Please Send with the Other Foot…

My dad passed away a couple of years ago, in February 2017.  We were estranged.  It’s a sad tale, I suspect too often repeated in many families.  Fights, misunderstandings, dumb egos, idiotic attitudes towards children and parents, and other assorted foolishness.

Dad had moved to the Philippines around 2013, but I didn’t know that until some time later when a woman tried to contact me, claiming to be his new (but already estranged) wife there.  I declined to get involved in their child custody fight – I know nothing of the situation, knew nothing of his whereabouts or his activities, and only had her word on it all.

I am kind of sorry that I didn’t at least try to track him down, not to assist her, but to at least make contact, while he was still alive.  Sigh.

Apparently, a heart attack felled him, at the age of 77.  That’s not all that surprising, as he smoked on and off throughout his life – most of the time I knew him, he was puffing away.  One of the reasons why I can say that I will never smoke.  Haven’t had a single one yet, and don’t intend to start – and I hate the smell.  Well, enough about that 🙂

Running off to join… the Railroad?

But, 60-some-odd years prior, he was a strapping young lad of, oh, probably 17 years of age (1957?), when he quit school and went to work for the CNR station in his hometown of Makinak, Manitoba.  He signed on as a telegrapher, then moving all around Manitoba and Northwest Ontario, working out of one horse towns, sidings, and places-in-the-middle-of-nowhere.  I know that he worked a time in Churchill, around the time I was born – because my mom says that they would do “check-in” calls once a week – he would make a person-to-person call asking for himself – which my mom would of course decline, saving the toll charges, but knowing that he was still alive.  Long distance charges were pretty steep in those days, and money was tight for my parents.

My dad left the railroad sometime in 1963 or 1964, apparently when the switch from telegraphy to teletype was on.  The railroad left a lasting impression on him, though – he had a lifelong love of trains, talked fondly of his time with the railroad, and cherished his telegraphic memories, so to speak. He also used to say that he worked there long enough to get coal cinders in his hair.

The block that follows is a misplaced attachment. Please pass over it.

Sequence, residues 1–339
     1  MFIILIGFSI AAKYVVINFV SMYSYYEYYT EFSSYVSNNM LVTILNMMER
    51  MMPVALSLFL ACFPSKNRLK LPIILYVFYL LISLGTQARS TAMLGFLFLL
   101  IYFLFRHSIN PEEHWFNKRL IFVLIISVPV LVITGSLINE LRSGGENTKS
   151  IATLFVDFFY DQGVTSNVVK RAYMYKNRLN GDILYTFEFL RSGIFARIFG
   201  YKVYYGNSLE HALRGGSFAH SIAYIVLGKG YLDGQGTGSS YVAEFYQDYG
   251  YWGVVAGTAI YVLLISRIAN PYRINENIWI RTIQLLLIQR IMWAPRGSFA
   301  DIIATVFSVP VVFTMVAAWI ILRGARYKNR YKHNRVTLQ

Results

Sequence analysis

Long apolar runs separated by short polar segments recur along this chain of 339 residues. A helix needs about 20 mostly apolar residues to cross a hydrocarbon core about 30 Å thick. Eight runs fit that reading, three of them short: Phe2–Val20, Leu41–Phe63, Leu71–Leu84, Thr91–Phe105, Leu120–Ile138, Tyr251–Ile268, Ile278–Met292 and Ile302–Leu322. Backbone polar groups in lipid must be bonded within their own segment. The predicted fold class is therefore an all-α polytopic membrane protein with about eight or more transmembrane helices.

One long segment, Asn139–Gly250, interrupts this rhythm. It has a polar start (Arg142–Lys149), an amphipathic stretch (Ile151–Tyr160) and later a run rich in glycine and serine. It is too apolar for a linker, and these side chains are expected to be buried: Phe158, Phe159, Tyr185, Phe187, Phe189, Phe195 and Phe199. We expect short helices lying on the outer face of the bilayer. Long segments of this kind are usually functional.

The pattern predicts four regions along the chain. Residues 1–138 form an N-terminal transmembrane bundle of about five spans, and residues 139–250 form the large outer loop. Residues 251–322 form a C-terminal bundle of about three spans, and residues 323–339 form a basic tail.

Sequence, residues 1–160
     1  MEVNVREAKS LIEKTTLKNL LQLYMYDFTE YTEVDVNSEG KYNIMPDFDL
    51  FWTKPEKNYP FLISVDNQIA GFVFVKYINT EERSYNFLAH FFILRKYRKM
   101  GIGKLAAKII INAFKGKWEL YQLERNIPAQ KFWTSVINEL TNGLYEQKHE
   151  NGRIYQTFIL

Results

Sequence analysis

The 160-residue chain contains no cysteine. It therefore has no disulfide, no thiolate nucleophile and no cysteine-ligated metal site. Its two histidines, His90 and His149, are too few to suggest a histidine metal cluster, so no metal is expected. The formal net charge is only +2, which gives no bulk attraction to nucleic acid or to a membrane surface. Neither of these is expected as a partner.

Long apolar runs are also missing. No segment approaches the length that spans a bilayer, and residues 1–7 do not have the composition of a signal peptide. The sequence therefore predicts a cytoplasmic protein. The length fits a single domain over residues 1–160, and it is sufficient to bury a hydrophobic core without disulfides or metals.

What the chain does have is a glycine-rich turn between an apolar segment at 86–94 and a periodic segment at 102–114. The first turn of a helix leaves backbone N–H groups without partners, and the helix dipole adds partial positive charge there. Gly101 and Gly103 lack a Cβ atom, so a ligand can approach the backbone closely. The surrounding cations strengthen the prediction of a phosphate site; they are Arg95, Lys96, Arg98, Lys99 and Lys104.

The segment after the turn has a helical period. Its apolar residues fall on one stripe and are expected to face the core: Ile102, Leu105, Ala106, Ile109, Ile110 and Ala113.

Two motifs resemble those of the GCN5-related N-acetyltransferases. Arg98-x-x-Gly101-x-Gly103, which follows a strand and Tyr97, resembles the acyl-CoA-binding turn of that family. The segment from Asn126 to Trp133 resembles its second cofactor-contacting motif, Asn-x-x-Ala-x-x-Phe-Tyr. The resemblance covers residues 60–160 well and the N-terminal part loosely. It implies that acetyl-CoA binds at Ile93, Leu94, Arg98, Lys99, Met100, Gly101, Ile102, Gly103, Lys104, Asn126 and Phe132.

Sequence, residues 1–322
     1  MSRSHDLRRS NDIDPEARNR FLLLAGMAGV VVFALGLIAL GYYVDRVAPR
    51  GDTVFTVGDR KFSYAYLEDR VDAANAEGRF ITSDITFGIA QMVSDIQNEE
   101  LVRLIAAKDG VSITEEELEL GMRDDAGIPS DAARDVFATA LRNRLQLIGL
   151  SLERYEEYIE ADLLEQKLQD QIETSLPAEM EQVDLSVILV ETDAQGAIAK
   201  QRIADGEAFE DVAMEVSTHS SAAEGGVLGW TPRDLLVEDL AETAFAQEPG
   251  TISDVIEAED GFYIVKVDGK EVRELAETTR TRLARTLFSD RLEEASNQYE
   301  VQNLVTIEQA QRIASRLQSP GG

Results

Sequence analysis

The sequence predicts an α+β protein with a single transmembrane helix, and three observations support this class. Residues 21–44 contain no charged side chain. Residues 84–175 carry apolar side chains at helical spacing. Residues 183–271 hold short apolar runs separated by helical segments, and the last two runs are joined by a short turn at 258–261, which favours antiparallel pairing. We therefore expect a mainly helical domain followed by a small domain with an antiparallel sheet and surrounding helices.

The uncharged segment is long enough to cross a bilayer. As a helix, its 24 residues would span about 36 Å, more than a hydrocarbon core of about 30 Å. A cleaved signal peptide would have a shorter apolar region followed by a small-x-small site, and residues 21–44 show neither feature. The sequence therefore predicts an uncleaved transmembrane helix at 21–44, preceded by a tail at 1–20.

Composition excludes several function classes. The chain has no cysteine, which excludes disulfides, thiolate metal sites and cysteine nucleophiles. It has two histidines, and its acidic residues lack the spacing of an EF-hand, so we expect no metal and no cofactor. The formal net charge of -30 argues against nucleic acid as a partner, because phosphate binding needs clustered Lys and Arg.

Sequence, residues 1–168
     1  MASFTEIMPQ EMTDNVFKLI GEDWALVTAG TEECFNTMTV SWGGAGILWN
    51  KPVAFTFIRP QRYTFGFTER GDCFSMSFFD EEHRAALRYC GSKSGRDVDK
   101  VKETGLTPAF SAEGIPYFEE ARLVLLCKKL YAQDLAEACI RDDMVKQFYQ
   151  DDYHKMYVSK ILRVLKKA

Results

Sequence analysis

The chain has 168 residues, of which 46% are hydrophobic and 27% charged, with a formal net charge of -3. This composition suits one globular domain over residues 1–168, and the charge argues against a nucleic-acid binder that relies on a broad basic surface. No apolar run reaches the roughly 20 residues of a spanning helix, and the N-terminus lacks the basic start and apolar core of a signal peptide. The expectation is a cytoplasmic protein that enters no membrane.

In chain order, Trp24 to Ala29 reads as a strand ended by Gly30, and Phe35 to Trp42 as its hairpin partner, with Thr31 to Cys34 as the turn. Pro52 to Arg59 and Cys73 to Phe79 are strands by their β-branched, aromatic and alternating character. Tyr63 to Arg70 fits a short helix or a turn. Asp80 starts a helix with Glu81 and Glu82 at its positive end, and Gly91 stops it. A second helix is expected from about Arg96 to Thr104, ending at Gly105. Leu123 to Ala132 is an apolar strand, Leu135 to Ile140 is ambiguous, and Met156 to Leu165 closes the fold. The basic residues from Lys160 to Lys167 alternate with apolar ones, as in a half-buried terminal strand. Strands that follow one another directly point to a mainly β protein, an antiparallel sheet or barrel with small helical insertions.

Ernie Letain, friend from Laurier, the next stop southeast on the CNR line from Makinak, started with the CNR as a telegrapher at about the same time, but stayed on and became a rail traffic controller, retiring from the CNR many years later after a long career.

When my dad first started, he was shunted around at the whim of the company, working many small places, as mentioned.  As he got more seniority, he could stay closer to home.  He never did build up much seniority, but he did manage to get work from time to time in “WI Office“, which was the CNR telegraphy office in Union Station on Main Street in downtown Winnipeg.

Experienced Professionals vs the Unskilled

My dad told me that often young men from remote places would learn to use the telegraph, and get work with one of the railways, as a ticket out of the sticks, as they would call such way-off places.  Their telegraphy skills would be poor (perhaps like his when he first started out?  Hmmm), so sometimes an urban operator in WI office would ask the remote unskilled operator to please send with the other foot, obviously an insult, since operators always sent with their working hand.